The older I get, the more I realize two things: time is precious, and homemade is superior to store bought. Reconciling the two can be a challenge.
I was thinking about my baking recently and realized my passion has moved from dough to batter. Baking with batter has several attractions for me. First, start-to-eat is often as short as 15 minutes. Second is portion control. As our kids are grown and on their own, all of my batter recipes have a 2-portion version and a 4-portion for families. The third attraction is that it requires only low-cost tools and machines. Basics include bowls, a scale, measuring spoons, whisk, measuring cup, spatulas, waffle maker and a griddle.
My third waffle to pancake recipe is Simple Milk Pancakes based on my Simple Milk Waffles. Like that recipe, this is a foundation recipe to me. It is what I build others from. This is a light fluffy pancake. I prefer the Lemon Milk Pancakes. Mainly I use this as a foundation recipe to build on when I don’t want to add an acid.
In the Oat Gluten-Free Lemon Milk Pancakes recipe, I explain how I convert a waffle to a pancake recipe.
My second waffle to pancake recipe is Lemon Milk Pancakes based on my Lemon Milk Waffles. Like that recipe, this is a foundation recipe to me. It is what I build others from.
I was recently advised to reduce my carb and sugar intake. I have been exploring pancakes so I decided to take my Oat Gluten-Free Lemon Milk Waffles and convert it to pancakes. The bonus was that the oat waffles have no sugar. Pancakes require a thinner batter with less fat/sugar and more milk. My starting point to convert a waffle recipe to pancakes is:
Today I was testing a new variation on the Lemon Milk Waffles recipe, using egg white substitute (Meringue Powder) in place of an egg. I figured the lack of egg yolk would result in a lighter waffle, as the yolk turns brown during baking. Here are two waffles, one showing the top, the other the bottom. The lack of egg yolk created more contrast than I usually see.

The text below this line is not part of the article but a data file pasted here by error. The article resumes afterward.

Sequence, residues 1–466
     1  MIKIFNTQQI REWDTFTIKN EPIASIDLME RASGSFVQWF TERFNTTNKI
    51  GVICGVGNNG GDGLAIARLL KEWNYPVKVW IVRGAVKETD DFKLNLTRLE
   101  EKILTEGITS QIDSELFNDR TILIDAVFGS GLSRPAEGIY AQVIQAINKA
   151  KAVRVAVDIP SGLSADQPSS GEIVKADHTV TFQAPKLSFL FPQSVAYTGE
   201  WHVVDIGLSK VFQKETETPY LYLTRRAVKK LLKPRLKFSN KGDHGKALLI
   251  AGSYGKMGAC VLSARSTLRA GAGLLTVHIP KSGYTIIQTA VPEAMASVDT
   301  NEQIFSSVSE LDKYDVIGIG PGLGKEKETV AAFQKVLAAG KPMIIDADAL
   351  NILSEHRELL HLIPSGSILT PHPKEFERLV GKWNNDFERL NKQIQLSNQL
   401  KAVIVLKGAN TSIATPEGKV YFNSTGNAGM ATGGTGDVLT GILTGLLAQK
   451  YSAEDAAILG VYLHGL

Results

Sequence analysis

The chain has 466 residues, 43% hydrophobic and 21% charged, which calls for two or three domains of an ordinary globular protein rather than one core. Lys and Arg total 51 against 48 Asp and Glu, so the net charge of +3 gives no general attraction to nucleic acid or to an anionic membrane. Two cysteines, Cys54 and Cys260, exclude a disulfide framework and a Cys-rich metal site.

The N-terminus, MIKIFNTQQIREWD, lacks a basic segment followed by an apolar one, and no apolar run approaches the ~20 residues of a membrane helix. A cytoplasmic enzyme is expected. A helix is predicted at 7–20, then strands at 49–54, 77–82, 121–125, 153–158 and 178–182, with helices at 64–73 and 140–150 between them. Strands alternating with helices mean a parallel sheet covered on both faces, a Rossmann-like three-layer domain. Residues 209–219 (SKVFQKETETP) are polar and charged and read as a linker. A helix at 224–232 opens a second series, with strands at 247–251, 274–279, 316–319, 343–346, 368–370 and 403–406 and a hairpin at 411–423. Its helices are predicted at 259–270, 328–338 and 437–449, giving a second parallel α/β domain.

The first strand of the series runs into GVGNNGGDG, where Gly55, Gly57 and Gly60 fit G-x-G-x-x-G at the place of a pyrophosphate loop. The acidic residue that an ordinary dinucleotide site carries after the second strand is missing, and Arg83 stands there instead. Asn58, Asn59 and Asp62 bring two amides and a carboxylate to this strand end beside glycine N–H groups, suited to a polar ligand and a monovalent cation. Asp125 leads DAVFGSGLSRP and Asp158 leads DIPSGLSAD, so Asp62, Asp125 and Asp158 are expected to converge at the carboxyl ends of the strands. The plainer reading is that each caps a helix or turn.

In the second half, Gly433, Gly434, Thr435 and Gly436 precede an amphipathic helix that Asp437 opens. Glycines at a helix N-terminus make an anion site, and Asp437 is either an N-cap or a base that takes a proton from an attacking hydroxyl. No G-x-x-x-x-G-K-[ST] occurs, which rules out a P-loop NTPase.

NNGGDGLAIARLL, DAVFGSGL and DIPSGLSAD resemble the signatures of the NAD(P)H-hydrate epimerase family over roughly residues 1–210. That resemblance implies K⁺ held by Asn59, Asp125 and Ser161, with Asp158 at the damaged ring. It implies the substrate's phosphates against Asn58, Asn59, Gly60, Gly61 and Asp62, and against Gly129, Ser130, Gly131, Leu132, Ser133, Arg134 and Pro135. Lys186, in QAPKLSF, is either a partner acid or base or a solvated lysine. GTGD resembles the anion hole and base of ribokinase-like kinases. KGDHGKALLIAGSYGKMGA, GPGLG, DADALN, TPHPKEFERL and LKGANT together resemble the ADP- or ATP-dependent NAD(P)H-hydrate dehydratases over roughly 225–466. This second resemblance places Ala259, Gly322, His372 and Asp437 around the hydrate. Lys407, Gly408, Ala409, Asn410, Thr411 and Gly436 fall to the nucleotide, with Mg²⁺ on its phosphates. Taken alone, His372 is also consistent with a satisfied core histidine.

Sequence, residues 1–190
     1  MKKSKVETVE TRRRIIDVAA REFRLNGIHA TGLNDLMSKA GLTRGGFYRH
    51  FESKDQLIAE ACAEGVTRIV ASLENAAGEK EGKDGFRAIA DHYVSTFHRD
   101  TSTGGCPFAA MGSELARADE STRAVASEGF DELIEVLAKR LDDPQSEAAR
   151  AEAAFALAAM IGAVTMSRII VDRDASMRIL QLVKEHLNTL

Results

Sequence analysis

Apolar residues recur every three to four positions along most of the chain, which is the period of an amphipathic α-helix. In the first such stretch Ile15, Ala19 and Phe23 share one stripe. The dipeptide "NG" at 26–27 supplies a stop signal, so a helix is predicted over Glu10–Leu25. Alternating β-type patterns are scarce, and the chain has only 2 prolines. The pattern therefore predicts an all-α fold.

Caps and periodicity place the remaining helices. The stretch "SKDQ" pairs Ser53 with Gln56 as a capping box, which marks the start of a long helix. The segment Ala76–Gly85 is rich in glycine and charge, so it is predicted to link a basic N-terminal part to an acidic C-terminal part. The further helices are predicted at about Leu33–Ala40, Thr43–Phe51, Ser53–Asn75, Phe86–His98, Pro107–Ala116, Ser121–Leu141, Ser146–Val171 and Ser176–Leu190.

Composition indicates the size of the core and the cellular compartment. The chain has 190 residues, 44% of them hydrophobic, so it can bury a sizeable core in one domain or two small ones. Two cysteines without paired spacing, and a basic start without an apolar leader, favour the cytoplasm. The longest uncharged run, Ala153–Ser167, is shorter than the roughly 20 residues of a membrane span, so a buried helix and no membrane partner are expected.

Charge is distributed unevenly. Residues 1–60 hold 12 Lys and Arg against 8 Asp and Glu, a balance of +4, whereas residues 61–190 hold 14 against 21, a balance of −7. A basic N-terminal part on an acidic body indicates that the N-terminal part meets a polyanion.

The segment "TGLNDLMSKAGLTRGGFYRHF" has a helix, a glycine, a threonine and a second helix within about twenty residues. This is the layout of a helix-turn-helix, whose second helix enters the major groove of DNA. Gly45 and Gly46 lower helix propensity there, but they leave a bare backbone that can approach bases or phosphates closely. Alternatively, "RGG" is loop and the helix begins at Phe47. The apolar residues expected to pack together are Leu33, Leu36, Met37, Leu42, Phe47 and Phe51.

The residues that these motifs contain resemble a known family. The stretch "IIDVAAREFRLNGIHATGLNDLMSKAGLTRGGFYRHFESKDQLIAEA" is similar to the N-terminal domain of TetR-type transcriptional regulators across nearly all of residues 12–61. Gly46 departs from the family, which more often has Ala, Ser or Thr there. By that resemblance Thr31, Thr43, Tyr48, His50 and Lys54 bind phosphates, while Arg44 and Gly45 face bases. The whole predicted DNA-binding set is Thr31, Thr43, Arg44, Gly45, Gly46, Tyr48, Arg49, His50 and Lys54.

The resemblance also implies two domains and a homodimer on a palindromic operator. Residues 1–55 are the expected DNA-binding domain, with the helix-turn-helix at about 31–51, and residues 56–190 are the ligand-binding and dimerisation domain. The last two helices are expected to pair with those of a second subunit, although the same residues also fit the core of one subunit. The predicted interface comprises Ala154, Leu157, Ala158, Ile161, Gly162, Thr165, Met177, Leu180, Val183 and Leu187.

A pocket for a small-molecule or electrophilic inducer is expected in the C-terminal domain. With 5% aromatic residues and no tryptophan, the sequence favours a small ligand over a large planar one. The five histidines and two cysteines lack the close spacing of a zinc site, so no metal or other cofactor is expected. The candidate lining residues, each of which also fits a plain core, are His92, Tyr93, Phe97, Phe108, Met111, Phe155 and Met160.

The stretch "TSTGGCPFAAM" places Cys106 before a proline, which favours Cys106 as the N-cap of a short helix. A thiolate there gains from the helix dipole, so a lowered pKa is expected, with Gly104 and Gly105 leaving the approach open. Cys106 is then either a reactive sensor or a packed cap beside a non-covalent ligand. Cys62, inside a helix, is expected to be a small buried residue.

There are two types of waffle makers: a flip and a traditional. These waffles were created with the traditional maker. The waffle top is not brown on the edges, as the batter did not touch the top plate. On a flip maker as you turn the plates over after closing, both top and bottom plates get batter. The result is a prettier waffle.
What surprised me was how pretty the bottom side was on a non-flip waffle.
Moral of the story: flip your waffles before serving..
I love my soft fluffy waffles, but I wanted to create savoury crisp waffles – something that you could pile toppings on, lift and eat without the toppings falling off. Reading recipes for other bread/cake products gave me ideas. Biscotti is an Italian biscuit that is baked, cut into slices, then baked again. The Italian word ‘biscotti’ translates to ‘twice-baked.’
When my waffles come off of the iron, they are slightly crispy on the outside, but soft on the inside. I thought, suppose you put them in an oven and bake until they are dry throughout? The oven temperature needs to be hot enough to dry, but not so hot as to bake them. I found 325°F/160°C/Gas 3 for about 20 minutes dries the waffles out without baking them more. The result is a light, crispy wafer.
One of the most challenging recipes for me was developing a gluten free waffle. My experiences with using gluten-free flours has not been very rewarding. I decided to look for an oat flour recipe. To start I took my Lemon Milk Waffle recipe and substituted oat flour for the wheat flour. The results were very tasty but fell apart. See there is no gluten in oat flour so there is no “glue” to hold it together.
Then I learned about Xanthan Gum. Xanthan gum is a thickening agent made from fermented sugars and commonly used in gluten-free recipes. Most gluten-free flours come with xanthan gum already mixed in. Xanthan gum has to be used sparingly or you end up with a batter like stiff jello. (I know from personal experience of my first batch. 🙂 )
Lemon Milk Waffles are by far my favourite waffle. They originated as a way to make buttermilk waffles without buttermilk. A common substitute for buttermilk is milk mixed with an acid such as lemon or lime juice or vinegar. Lime juice instead of lemon works well but leaves no taste. Lemon leaves a hint in the waffles that compliments a sweet waffle. I was also intrigued by a King Arthur Flour tip on taming whole wheat.
If you or your family are very sensitive to whole wheat’s sometimes assertive flavour, try substituting 2 tablespoons orange juice for 2 tablespoons of the milk in this recipe. The OJ tames whole wheat’s potentially tannic taste, without adding any citrus flavour of its own.